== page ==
Veterans Day 2021 might feel a little different for those who served and for the rest of us who are the beneficiaries of our veterans’ service and sacrifice.
For the first time in nearly two decades, our armed forces will no longer be serving in Afghanistan. While polls showed disentanglement from America’s longest war was favored by most Americans, the chaotic withdrawal was painful for many veterans, even traumatic for some who had served there. This served as a reminder that we must never forget our national commitment to those who served, even as our nation’s battles and our service members’ deployments become chapters in our history.
Veterans organizations say one of the most important things we can do for our veterans is show up. The public has an opportunity to do that at today’s ceremony at 11 a.m. at the Bartholomew County Courthouse. Organizers say the event will include the traditional and solemn prayers, music, and the placement of a memorial wreath. However, balloon releases for each veteran who has died over the past year will no longer take place due to environmental concerns. Likewise, the reading of names of veterans who have died over the past year now will take place in May as part of the community’s Memorial Day observance.
Hope also will have a Veterans Day program at 8 a.m. today at Hauser Jr.-Sr. High School.
Clarifying the distinction between Veterans Day and Memorial Day has been a major push in recent years for veterans organizations and for the federal Department of Veterans Affairs, and the changes reflect that. Today is the day to celebrate living veterans and honor their service. The Memorial Day holiday on the last Monday of each May pays tribute to those who served and made the ultimate sacrifice for their country.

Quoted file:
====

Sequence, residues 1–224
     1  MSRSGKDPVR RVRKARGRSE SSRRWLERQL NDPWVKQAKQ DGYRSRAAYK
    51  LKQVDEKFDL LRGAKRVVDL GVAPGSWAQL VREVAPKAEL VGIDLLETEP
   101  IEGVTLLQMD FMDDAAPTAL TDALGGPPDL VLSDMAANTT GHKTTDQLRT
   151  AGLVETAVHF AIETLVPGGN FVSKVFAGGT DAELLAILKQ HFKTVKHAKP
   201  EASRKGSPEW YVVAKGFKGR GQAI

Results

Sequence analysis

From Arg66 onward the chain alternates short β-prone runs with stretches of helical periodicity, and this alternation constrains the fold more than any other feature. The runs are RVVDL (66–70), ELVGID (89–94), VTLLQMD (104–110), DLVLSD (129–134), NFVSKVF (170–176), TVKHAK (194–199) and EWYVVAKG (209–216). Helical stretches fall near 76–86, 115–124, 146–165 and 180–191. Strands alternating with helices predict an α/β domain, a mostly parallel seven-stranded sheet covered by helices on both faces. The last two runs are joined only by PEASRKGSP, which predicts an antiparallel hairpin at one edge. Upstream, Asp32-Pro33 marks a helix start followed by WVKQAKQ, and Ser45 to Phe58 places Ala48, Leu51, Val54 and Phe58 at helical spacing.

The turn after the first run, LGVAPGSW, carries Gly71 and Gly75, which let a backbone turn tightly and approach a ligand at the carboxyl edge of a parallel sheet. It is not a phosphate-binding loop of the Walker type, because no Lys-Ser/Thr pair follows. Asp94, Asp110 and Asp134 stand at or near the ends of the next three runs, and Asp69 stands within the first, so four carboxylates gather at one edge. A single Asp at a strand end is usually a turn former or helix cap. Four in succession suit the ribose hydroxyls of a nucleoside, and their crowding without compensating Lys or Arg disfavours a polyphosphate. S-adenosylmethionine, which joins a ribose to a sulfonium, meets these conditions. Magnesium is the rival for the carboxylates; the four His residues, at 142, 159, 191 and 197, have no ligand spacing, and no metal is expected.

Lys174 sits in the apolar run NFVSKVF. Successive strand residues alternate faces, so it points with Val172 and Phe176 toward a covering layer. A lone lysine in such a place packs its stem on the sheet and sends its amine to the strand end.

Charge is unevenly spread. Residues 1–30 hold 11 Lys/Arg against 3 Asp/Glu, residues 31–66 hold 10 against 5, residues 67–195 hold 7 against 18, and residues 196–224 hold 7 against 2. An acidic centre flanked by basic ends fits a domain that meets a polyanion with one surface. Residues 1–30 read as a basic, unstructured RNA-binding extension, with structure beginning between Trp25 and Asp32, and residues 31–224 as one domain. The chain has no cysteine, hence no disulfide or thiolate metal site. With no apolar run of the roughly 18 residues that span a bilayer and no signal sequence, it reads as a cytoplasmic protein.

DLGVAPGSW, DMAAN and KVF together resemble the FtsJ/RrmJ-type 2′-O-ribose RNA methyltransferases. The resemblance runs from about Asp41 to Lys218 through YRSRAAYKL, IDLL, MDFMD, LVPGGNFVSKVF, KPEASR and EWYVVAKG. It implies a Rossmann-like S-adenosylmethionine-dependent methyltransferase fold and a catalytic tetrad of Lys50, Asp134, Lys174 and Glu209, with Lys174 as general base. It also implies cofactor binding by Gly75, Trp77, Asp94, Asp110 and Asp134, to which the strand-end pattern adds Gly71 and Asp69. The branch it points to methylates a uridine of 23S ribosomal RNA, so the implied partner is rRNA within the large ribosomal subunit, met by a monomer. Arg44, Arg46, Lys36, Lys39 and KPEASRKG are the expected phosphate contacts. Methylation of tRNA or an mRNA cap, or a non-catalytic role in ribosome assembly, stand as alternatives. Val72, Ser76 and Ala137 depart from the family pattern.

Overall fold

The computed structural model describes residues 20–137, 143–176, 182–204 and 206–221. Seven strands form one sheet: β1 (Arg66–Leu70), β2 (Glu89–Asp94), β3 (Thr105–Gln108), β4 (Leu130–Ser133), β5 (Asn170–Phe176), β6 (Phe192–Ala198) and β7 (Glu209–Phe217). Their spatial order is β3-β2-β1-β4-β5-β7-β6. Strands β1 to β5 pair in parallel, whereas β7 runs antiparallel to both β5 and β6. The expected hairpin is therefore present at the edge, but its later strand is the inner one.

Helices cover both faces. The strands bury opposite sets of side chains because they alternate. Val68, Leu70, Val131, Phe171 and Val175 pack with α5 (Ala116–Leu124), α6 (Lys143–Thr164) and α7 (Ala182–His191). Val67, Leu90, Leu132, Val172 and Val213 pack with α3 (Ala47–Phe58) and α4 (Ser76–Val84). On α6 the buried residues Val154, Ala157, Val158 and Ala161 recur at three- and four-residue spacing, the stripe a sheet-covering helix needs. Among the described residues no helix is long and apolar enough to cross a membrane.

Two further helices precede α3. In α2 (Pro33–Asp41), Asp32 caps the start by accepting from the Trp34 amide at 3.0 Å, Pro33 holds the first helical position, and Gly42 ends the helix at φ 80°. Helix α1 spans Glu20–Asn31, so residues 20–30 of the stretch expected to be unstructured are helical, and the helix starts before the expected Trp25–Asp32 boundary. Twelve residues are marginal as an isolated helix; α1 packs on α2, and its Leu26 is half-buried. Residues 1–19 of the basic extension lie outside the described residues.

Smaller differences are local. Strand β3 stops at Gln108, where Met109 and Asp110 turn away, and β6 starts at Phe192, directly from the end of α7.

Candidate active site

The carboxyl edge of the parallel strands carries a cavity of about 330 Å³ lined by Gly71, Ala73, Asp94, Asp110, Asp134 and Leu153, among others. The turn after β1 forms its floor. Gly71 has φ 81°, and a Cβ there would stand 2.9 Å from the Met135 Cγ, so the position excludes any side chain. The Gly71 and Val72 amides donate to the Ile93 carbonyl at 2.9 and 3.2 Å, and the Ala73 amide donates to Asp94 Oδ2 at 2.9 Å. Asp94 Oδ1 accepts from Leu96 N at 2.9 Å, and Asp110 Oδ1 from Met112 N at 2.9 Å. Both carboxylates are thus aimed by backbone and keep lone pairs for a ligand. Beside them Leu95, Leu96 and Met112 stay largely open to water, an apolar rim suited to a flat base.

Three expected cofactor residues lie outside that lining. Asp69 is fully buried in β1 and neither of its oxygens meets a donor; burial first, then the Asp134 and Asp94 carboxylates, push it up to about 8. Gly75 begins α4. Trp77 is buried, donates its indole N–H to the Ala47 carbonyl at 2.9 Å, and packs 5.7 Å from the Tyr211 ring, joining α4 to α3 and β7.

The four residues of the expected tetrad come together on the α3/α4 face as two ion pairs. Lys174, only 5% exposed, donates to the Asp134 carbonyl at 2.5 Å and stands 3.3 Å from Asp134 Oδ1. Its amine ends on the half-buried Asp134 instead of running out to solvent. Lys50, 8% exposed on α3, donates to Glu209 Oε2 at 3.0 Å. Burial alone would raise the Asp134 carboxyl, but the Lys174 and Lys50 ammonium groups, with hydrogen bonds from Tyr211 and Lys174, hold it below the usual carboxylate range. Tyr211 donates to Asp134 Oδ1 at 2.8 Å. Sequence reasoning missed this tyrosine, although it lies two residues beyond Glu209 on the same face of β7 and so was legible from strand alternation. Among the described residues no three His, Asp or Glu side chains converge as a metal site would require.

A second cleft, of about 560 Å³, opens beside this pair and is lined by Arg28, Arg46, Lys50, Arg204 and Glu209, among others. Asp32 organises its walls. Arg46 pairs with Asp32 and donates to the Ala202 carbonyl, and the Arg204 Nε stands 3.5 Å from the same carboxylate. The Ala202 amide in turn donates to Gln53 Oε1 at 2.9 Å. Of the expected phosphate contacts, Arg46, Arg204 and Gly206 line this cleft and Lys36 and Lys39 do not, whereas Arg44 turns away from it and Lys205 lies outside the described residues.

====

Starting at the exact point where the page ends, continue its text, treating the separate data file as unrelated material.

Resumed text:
Also new this Veterans Day is the Columbus Veterans Support Group, which will have its first meeting at 6:30 p.m. today at Columbus Learning Center, 4555 Central Avenue. Founder Kelly Kramer is a local counselor who also was a helicopter pilot during her 21-year service career in the U.S. Army and Army National Guard.
Kramer told The Republic’s Brian Blair that the recent pullout from Afghanistan triggered her idea for a group that will meet monthly and focus on topics of importance to veterans. “I think there’s this need for connectedness, soldier to soldier, often because that connectedness is missing once they transition out of the military,” she said. “Our mission is very simple. … We want to create a space for camaraderie, connection and personal growth.”
Veterans interested in learning more about this new group should visit the website columbus-vets.com.
According to VA statistics, there are about 4,500 veterans in Bartholomew County and nearly 2,000 in Jennings County. Many of them continue to serve their communities in numerous capacities, from law enforcement to the nearly 500 veteran-owned businesses in Bartholomew County alone, according to the Census Bureau.
On this day, show them the respect they have earned by serving our country.
Veterans, thank you for your service.